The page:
As an Aaron Sorkin aficionado (Sorkinado?  If that term doesn’t already exist I’m trademarking it) it’s often difficult to separate the work from the man, for his is not a style that disappears easily beneath the veil of the proscenium.  In terms of recent efforts, Moneyball was probably him at his lowest key, but in fairness he wasn’t the final writer on that movie.  Compare him to other prominent TV showrunners – would you be able to distinguish, say, Mad Men‘s Matthew Weiner’s writer’s voice in another work?  With Sorkin the tropes stand out.  In a way, watching a Sorkin program is a bit like television geocaching.  Or, more crudely, the stuff of drinking games.  “Musical theatre reference!  Do a shot!”  And so, as Sunday night’s “First Thing We Do, Let’s Kill All the Lawyers” unspooled, we saw an old favorite return – the flashforward/flashback and catch-up, set in a familiar Sorkin environment, a lawyer’s hearing room.  For those of you really paying attention, one of the lawyers’ names is “Gage,” and at least three prior Sorkin projects (The West Wing, Studio 60 on the Sunset Strip and The Social Network) feature – wait for it – lawyers named Gage.  Will McAvoy (Jeff Daniels) finds himself in a hearing with a $1500-an-hour attorney played by the wonderful Marcia Gay Harden, over a colossal cock-up apparently committed by his NewsNight broadcast – the airing of a false story accusing the U.S. government of using nerve gas against Pakistani civilians – which will, it seems, form the main thrust of this season’s story arc.  We then race back to the aftermath of Will’s Season 1-ending remark accusing the Tea Party of being the American Taliban, which has resulted in Atlantis Cable Media being shut out of Republican-led House hearings on the SOPA Internet copyright bill, much to the disgust of ACM president Leona Lansing (Jane Fonda).  Changes are in store around the newsroom as well as the lovesick Jim Harper (John Gallagher Jr.), despondent over his failure to win over Maggie Jordan (Alison Pill) asks to be reassigned to the Romney campaign bus (we’re still in mid-2011, show time), resulting in the arrival of a new producer who sets the wheels in motion for the revelation of something called Operation Genoa, which can “end presidencies” according to the TV panelist who first drops the hint.  We also see the ever-hungry Neal Sampat (Dev Patel) trying to get executive producer MacKenzie McHale (Emily Mortimer) interested in the rumblings of something called Occupy Wall Street.  And there’s the usual lightning-speed banter, reversals, repetition, what you’ve come to expect when you sign on for a Sorkinfest, with the occasional F & S bomb since it’s HBO.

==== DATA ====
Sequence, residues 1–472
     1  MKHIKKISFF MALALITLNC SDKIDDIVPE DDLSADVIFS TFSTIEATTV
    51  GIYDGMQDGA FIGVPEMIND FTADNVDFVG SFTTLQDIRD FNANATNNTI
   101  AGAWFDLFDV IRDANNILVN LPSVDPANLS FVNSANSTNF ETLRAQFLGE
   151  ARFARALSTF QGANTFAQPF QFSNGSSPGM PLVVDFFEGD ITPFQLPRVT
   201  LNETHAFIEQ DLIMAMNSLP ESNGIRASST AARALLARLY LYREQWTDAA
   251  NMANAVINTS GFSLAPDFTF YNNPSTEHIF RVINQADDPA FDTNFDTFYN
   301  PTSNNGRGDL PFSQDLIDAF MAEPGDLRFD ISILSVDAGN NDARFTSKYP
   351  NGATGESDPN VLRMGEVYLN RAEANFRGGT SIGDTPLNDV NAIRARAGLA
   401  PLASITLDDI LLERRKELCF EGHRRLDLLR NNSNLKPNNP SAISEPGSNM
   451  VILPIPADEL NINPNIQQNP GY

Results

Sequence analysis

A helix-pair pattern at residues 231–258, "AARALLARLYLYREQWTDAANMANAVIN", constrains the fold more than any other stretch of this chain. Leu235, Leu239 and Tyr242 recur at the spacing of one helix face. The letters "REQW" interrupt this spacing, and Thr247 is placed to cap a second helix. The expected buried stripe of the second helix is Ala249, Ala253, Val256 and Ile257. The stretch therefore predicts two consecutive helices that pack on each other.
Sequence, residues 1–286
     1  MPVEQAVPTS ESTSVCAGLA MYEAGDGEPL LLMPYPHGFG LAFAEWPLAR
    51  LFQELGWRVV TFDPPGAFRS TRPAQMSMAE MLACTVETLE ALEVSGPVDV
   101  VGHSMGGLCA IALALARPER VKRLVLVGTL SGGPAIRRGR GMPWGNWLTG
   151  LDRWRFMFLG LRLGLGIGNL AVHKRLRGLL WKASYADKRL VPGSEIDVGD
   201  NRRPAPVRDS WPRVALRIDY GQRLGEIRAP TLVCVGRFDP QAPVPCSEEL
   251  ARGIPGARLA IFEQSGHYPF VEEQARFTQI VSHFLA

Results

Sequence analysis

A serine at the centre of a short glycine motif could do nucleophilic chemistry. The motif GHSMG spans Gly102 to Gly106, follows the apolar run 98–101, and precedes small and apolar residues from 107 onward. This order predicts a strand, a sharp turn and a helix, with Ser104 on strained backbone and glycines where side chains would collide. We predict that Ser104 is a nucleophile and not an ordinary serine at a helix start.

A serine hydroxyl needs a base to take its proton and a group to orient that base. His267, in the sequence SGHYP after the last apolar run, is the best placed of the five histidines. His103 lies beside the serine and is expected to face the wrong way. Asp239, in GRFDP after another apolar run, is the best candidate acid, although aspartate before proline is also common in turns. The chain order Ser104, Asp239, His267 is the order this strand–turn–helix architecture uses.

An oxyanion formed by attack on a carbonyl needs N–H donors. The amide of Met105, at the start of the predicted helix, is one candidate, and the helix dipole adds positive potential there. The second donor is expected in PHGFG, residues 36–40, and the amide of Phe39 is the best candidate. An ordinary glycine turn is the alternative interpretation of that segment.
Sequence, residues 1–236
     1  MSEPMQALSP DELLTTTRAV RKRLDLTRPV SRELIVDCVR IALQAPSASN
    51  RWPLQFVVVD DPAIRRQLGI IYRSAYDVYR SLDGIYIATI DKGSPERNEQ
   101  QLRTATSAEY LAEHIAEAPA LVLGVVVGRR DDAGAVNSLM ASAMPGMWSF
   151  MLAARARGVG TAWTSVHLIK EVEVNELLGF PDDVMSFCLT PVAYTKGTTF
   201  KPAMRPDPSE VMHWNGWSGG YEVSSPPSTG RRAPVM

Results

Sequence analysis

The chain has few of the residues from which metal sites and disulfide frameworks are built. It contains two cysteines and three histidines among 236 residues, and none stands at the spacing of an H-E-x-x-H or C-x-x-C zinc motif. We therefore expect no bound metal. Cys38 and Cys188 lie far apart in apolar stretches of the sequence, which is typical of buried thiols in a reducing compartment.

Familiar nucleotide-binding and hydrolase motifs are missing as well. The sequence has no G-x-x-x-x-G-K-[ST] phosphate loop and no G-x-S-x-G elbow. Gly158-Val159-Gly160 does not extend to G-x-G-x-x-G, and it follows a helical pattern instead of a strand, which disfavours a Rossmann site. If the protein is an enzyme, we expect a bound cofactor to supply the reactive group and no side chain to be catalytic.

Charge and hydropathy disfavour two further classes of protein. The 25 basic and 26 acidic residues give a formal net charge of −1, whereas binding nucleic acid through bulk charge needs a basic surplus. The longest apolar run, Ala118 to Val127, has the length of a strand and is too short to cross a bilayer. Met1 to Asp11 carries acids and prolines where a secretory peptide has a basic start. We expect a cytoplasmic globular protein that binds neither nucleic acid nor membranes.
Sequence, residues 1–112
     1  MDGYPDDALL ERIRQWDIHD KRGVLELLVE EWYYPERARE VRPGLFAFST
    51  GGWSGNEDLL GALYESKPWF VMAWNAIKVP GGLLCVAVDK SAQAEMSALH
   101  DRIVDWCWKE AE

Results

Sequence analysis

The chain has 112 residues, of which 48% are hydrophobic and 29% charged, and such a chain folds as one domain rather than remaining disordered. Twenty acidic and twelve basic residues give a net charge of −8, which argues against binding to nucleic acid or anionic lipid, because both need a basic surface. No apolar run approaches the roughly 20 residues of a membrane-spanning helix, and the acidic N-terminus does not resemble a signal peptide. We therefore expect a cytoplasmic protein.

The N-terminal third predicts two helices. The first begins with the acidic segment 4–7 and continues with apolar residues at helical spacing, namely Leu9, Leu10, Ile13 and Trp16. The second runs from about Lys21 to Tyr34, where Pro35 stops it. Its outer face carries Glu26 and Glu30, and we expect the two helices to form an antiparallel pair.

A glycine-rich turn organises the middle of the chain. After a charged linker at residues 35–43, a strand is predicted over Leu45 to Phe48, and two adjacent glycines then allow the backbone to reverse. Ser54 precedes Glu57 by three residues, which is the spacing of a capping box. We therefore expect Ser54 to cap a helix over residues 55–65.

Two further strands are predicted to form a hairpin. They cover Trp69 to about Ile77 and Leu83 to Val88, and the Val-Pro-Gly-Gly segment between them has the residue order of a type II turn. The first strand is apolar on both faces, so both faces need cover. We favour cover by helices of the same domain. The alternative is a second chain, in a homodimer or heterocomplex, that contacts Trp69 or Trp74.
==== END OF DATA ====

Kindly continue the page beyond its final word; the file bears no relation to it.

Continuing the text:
My ongoing issue with The Newsroom is that I’m finding it difficult to latch onto any of the characters.  I can’t even remember their full names at any given moment.  Perhaps it’s not fair to compare it to The West Wing, but as an ensemble, that cast was considerably stronger than this group, who still haven’t learned how to sound like they came up with the words spilling from their mouths.  Ironically, far less attention was paid to the personal lives of the Bartlet White House staff, but we still managed to get a better sense of who they were and what they stood for.  The archetypes emerged fairly quickly:  Sam Seaborn was the idealist, Josh Lyman was the scrapper reveling in the fight, Toby Ziegler was the conscience, and so on.  By contrast, The Newsroom‘s second tier doesn’t seem to stand for or want anything, and their personal lives are deadly dull.  I’m still not sure why Thomas Sadoski’s Don Keefer is even there, as Don officially abandoned NewsNight in the series premiere and Sorkin seems to be struggling to find excuses to have him hang around – and since he’s now broken up with Maggie in this episode, his raison d’etre is even less.  Rather, the characters are little more than rotating mouthpieces to deliver Sorkin’s judgments.  I was particularly let down to see young Neal (Scott Pilgrim reference!  Drink!  Okay, that’s just me…) belittle the Occupy Wall Street organizers with the same line conservative media ultimately used to discredit them, a surprising and condescending sentiment from the left-leaning writer of the “American Taliban” line and a little out of character for the wide-eyed Neal, especially when he called it America’s own Arab Spring earlier in the hour.